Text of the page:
Salt Lake City and New York-based artist Daniel Arsenault has made his living as a photographer. His stacks of portfolios full of photo spreads for Spin, Esquire, Revlon, adidas and Electra Records pay the bills, but he demonstrates little loyalty to the medium. His daily approach to what he creates is as automatic as brewing his first cup of coffee. “You just wake up in the morning and do whatever you want to do, use whatever you want to use,” he says. “You can paint or you can just find objects and glue them together.”
To confuse matters further, some of the photographs he will show at Finch Lane Gallery in a joint show with oil painter Jeffrey B. Clark are so highly processed that, at first glance, they may look like paintings. Arsenault describes his photos as “realism mixed in with my own character. I actually prefer painting to photos because even though photos are more real, painting is more emotional. I only use the photographic method because I like the accuracy of the photo, but I want to paint it.”
And paint his photos, he does. That is, if the mood that day strikes him to use film and acrylics.
At the end of October, Arsenault rushed to finish a sculptural shrine to the late Mexican wrestler El Santo for a Día de los Muertos show in a Manhattan gallery. The materials: found objects and still-drying glue.
At the time this story went to press, Arsenault was creating six-foot high ceramic murals. “I’m going to use stained glass,” he observes, “I’m going to use metal, I’m going to use photography, acrylics, glaze, clay…”
You get the picture.
Despite riding in what seems like an artistic revolving door, Arsenault’s work has stylistic consistency. Everything has layers. “Life is layered, like evolution,” he explains. “And paintings are layered. So is music. You can’t make the top without the bottom first.” What results is art-in-which-to-lose-yourself.
For his part of the Finch Lane Gallery show, Arsenault divides his artistic attention between Salt Lake City and New York. Like the time he splits between the two cities, his photographs reflect his double life.
Of the New York photos appearing in this show, Daniel explains, “All I do is take these pictures and I assemble them in a collage. If I’m walking down 28th Street from Broadway going down 5th Avenue on the south side of the street, I just photograph everything from that side, and then I just collage it together and put some color on it. And that’s it. It’s not like, tricky, or anything.”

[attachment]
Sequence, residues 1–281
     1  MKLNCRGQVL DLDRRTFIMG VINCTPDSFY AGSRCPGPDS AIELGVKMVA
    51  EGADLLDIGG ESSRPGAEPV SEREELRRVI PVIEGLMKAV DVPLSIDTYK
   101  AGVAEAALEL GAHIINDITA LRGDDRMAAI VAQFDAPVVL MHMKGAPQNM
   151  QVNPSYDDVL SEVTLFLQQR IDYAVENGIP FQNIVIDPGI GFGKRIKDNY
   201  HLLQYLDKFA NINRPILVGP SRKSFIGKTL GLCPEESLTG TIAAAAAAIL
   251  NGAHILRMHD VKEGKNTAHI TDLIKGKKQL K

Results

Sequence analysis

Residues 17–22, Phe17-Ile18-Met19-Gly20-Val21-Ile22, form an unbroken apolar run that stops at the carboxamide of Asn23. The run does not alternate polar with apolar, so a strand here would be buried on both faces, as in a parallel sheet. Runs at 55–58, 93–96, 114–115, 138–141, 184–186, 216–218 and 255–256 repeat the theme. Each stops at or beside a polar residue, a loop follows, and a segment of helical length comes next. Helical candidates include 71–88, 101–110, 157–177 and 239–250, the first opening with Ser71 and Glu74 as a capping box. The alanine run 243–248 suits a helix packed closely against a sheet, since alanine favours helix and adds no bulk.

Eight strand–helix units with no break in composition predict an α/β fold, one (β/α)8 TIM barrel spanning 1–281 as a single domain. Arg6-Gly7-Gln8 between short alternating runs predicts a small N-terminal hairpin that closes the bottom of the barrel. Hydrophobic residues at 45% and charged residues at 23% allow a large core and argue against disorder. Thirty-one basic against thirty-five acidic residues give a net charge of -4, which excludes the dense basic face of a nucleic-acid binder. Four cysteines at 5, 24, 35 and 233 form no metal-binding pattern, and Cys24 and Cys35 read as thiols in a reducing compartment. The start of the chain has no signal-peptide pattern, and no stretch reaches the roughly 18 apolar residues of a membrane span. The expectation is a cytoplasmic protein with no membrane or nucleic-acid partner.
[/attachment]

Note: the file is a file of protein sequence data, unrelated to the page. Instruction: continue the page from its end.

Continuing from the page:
He explains how the piece called “Patty” came to be. “I was walking around at about three in the morning. I think that was December. It was like two degrees outside. I walked all over.” He saw “Patty,” an animated wig stand, on the other side of a darkened shop window, and she became his latest and least-suspecting subject.
The Western equivalent of his strolling New York photos, Arsenault’s Salt Lake City photos were taken with the engine running: “I shot them from the car.” He doesn’t apologize. “I went out on Sunday—because everybody’s in church on Sundays—driving around when no one was looking. I didn’t even get out of my car. Most of the time I’d just roll down my window and shoot. I thought to myself, ‘I’m going to take all these pictures from the car and what I end up with is what I end up with.’”
Arsenault’s photographs capture Salt Lake City icons like old hotels and motels, vintage storefronts and signs. “Salt Lake is full of cool stuff. I could just shoot and shoot and shoot forever and ever. There could be a million, but for the show, I can only take 20.”
For Arsenault, from his first cup of coffee to walking the streets of New York, his art is effortless.